I agree entirely (except I wouldn’t call it “existentialist” vomit. Read L’Etranger; Mersault didn’t care). But how should we apply that thought? Giving them a free pass? Or, perhaps, by explaining to them that they will hurt us by killing themselves? No, it won’t prevent every suicide. But mightn’t spewing that particular “vomit” stop a few suicides here and there?
- “In the first you admit what an ‘arrogant jerk’ you’re being, but in some great savior-like technique you accept this burden, sacrificing your image for the greater good of humanity, and possibly even some mixed up kids [Moderator adds: and mixed up adults].”
You know me; it’s no burden. It doesn’t matter that I’m arrogant and a jerk, therefore it in no way encumbers me and adds nothing to my (admittedly impressive) nobility.
- “Still, you shake your finger at him, you can’t seem to forgive him…”
Don’t get me started on “forgiveness,” sweetheart. I believe very firmly in forgiveness and I have forgiven much and have been forgiven much (apologies for sounding like Bush there… forgive me). I happen to know that Richard’s friends and family have forgiven him. As in “verifiably.” I forgive him as much as I can, which is to whatever extent I was hurt–again, I wasn’t a close friend of his.
But there is an important lesson to be learned here, brought into sharp focus by the untimely, accidental death of my cousin a week ago… I can forgive her for everything she’s done, but I can also criticize her actions–the same ones I’ve forgiven–because we can (and had better) learn from them. I’m making a new paragraph here and italicizing and boldfacing, so pay attention:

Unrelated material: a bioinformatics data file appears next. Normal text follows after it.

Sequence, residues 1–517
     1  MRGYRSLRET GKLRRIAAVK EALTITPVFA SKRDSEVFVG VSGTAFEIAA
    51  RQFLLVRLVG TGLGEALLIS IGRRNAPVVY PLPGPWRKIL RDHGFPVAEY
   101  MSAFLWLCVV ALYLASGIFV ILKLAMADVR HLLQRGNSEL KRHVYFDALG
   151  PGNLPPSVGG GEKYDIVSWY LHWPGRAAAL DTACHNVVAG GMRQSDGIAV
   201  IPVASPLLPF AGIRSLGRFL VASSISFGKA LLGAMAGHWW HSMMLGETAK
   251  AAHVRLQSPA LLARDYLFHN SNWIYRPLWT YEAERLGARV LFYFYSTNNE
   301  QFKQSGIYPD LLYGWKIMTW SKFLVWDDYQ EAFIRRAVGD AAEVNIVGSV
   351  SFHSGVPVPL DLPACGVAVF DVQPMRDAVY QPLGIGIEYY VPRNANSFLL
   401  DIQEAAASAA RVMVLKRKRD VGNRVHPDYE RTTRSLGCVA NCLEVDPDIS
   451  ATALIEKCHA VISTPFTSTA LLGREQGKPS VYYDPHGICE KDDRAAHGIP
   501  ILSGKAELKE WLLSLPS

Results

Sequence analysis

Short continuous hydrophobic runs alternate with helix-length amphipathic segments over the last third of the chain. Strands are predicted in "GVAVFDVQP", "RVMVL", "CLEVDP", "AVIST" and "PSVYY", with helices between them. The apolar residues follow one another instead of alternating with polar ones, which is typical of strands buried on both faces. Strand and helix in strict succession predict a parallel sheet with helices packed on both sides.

There is a difference between forgiveness and permissiveness.
I can forgive an action while at the same criticizing it. I can forgive an action while at the same time doing whatever I can, be it little or much, be it tasteless or not, to prevent it from happening again.
- “Pat yourself on the back, I’m sure you have.”
Well, I’m a good-deed-doer. That’s my thing. It was good to see you today.
This entry was posted on Monday, October 3rd, 2005 at 9:37 PM.
8 Responses to “Response to Comment on “On the passing…””
- PaxonIB Says:
October 4th, 2005 at 8:22 PM
hey Mr. V. It was nice seeing you yesterday. Funny that you mention “The Stranger” by Camus… we are reading that in Olin’s class!